In the fifth round of talks in February 2006, he tells me, the Chinese acknowledged that Tibetans were not seeking independence: "But then in April-May 2006 the Chinese intensified their accusations against me as a splittist, and political repression in nunneries and monasteries (in Tibet) increased."
It's such a shame that he doesn't have other people with integrity to deal with on these issues. For the past months the Chinese been demanding that he should create proper conditions for dialogue, even while continuing to denounce him with the shrillest Maoist demonizations and name-calling, wrapped in still-unsubstantiated accusations.

The treaty forced upon the Tibetans at virtual gunpoint in 1951 (the agreement was signed in Beijing while the guns were pointed at Lhasa) was the first and only such treaty made with any of China's captive minorities -- itself singling out Tibet as a unique case. It was the very first example of "one country - two systems," an arrangement which was broken by the CCP almost immediately. Had the Chinese government kept its signed word, none of this would likely have happened. The first uprising of 1959 would have been unnecessary. But the CCP had became more leftist by that time, and had no problems breaking their agreements. The cultural repression of today is a sad reminder of the genuine autonomy promised 57 years ago.
"Subjects involving Buddhism are being withdrawn from schools. Up to the '70s, Buddhist logic was taught in Lhasa (Tibet's capital). Not any longer. Schoolbooks with words which carry Buddhist meaning are being removed. Nunneries and monasteries are forced to emphasise Chinese political education. Schoolchildren are forbidden to visit temples.

"Two-thirds of Lhasa is now Han Chinese. Most shops are Han Chinese. I met some Tibetan students from eastern Tibet a few years ago who could speak no Tibetan. They had asked the Chinese authorities (to be instructed in Tibetan) and were told Tibetan was of no use." This is despite the Chinese at one stage affording Tibetan the status of an official language.
He has had to face hostile demonstrations from Chinese nationalists while travelling in these past months, yet he continues to attempt to reach out to them. He had a meeting with some Chinese students in Rochester, NY in April.
"I met seven Chinese students and while I explained my views, two listened very carefully and at the end they smiled and were very calm and friendly. But the other five had too much emotion, there was no desire to listen. Luckily there was a long table between us or otherwise they would have taken physical action."
I had a similar experience the same month, but in that case it was a steel barrier that prevented foreign students from attacking human rights supporters.

I always want to publish his statements here because they are so -- almost impossibly so -- conciliatory toward those who consider him an enemy. One I had missed recently was on the occasion of an 800 km. walk for Chinese democracy by exiled dissident Dr. Yang Jianli. Dr. Yang had spent five years in a Chinese prison after travelling there to observe labour unrest, and being charged with spying for Taiwan. He was released about a year ago. Last month he set out to walk from Boston to Washington DC, arriving on June 4 for a memorial gathering on the 19th anniversary of the crushing of China's democracy movement.

Dalai Lama had written a message of support which was read out to the assembly by Mr. Bhuchung Tsering, Vice President of the International Campaign for Tibet.
I applaud Dr. Yang Jianli for leading a march from Boston to Washington, D.C., culminating on June 4, 2008 - the 19th anniversary of the Tiananmen Square democracy movement.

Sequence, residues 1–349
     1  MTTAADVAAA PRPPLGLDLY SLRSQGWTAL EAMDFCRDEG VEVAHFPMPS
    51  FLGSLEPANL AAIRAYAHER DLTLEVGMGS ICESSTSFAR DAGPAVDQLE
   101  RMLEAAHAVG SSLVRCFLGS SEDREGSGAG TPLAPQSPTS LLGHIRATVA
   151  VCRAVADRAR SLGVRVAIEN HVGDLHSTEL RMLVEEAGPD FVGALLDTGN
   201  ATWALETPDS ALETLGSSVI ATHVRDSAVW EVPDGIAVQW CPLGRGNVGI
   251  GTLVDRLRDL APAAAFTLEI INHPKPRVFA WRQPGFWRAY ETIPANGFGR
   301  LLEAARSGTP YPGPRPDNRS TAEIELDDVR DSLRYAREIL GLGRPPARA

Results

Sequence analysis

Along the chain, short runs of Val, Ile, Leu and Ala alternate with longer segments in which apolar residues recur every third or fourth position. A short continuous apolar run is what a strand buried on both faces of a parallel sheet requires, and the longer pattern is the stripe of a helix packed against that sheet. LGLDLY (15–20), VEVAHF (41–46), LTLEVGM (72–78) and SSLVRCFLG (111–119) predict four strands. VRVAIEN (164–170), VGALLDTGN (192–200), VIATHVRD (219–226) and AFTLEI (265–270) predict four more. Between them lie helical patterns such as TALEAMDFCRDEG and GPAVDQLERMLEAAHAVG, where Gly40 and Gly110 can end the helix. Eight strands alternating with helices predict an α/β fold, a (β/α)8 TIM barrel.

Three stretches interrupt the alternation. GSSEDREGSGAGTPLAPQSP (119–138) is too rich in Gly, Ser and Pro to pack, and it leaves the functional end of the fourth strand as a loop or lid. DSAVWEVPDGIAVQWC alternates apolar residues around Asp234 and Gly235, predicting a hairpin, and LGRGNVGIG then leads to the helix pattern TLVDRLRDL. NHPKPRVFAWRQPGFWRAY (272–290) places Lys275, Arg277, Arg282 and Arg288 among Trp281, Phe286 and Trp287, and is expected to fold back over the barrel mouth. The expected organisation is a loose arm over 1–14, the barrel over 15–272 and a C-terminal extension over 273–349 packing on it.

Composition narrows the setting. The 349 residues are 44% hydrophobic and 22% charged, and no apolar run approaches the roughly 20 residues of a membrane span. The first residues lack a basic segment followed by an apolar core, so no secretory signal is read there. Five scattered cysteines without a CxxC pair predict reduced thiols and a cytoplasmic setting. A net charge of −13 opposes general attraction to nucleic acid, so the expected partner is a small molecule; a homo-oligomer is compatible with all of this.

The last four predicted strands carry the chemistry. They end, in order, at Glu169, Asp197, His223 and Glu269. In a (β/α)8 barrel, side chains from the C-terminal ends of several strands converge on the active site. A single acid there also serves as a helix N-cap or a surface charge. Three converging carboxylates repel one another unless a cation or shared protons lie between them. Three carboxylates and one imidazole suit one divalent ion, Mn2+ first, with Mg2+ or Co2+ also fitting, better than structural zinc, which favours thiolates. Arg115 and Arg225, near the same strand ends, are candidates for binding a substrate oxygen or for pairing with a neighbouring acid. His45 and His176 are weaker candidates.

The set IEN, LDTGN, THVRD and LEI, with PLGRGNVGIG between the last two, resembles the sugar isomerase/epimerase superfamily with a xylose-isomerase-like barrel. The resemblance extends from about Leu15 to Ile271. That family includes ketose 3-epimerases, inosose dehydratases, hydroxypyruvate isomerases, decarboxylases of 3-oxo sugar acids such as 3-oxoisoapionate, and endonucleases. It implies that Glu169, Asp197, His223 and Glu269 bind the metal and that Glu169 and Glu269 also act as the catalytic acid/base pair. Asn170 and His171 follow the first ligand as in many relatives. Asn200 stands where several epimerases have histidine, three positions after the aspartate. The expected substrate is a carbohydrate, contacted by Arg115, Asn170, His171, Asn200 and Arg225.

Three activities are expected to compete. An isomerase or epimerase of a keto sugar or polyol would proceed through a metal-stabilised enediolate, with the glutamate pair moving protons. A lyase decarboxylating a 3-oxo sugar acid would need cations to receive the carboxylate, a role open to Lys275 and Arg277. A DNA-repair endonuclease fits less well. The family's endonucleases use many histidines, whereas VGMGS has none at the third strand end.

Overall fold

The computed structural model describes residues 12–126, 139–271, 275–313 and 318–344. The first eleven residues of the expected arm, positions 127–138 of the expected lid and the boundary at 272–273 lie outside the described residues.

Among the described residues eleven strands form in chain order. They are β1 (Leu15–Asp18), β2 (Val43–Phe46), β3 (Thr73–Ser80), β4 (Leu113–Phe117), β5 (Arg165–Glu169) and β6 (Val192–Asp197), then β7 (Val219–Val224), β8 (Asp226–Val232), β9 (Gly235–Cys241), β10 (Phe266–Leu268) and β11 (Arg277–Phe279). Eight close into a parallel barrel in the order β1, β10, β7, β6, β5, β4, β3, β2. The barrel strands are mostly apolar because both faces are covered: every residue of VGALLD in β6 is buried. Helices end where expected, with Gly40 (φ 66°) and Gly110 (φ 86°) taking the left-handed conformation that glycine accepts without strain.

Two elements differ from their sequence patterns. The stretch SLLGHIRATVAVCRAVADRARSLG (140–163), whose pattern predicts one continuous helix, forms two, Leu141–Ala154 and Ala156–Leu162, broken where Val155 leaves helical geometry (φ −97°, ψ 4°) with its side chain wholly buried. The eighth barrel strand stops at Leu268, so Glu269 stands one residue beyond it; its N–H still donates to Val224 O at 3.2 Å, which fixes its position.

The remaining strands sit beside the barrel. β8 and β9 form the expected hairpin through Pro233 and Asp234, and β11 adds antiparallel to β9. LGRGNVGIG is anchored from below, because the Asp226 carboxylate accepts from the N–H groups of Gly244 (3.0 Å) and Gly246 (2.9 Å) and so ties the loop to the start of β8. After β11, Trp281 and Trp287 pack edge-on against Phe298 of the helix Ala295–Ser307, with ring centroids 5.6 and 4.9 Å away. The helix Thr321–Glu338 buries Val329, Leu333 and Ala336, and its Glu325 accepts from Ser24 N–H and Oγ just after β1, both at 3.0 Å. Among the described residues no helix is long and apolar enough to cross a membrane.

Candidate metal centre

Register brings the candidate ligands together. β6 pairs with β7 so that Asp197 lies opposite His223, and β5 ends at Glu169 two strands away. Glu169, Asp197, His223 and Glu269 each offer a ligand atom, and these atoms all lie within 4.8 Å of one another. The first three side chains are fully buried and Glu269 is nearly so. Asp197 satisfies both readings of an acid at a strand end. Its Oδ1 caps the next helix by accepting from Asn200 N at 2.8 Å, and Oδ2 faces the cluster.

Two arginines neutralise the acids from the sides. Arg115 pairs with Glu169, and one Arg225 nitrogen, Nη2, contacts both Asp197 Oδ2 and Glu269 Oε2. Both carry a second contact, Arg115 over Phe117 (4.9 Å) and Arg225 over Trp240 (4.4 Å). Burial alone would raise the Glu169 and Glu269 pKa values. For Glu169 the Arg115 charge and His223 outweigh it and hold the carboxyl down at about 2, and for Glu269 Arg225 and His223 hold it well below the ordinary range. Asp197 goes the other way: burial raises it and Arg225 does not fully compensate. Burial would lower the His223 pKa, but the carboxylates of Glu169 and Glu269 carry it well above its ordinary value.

As a Tibetan, one of the most encouraging, moving and hopeful events in recent Chinese history has been the democracy movement of 1989. Chinese brothers and sisters displayed, openly and peacefully, their yearning for freedom, democracy, and human dignity. They embraced non-violence in a most impressive way, reflecting the value for which the movement stood.

I maintain that the Chinese leadership's response to the peaceful demonstrations of 1989 was most unfortunate. It is my basic belief that brute force, no matter how powerful, can never subdue the basic human desire for freedom, whether it is that of the Chinese democrats and the farmers, or the Tibetan people. On the other hand, everyone appreciates truth and respect, which are really in our blood. Truth is the best guarantor and the real foundation for freedom and democracy.

China today is an emerging world power. The international community has acted wisely by making efforts to bring her into the mainstream of the world economy. But economic integration alone is not sufficient. China needs human rights, democracy, and the rule of law. These values are the foundation of a free, dynamic, stable, and peaceful society. Such a society would also offer far greater economic freedom, security, and other advantages to all citizens of the People's Republic of China.

As a believer in non-violence, peace, and freedom, I have supported the non-violent democracy movement in China from the beginning. In spite of the brutal response from the authorities, I pray that those involved in China's democracy movement will always remain non-violent.

It is ironical that today, while the Chinese Government is making every effort to get recognition as a leading world power, many Chinese people, particularly the victims of the Tiananmen tragedy, their parents, as well as farmers and workers, continue to be deprived of their basic rights. I hope and pray that the leaders of China will realize that a nation's greatness can only come about when it starts treating its own people with dignity and respect.

I wish Dr. Yang Jianli all success in his present endeavor and hope the march will bring about greater awareness of the continuing plight of these people.

With my prayers and good wishes,

Dalai Lama

May 8, 2008
Chinese leaders should be ashamed of themselves for keeping such statements from ever being read by Chinese citizens. The headline for Sheridan's interview is entirely right: Dalai Lama is no foe, and wants only the best for China. Anyone can see that clearly, except Beijing.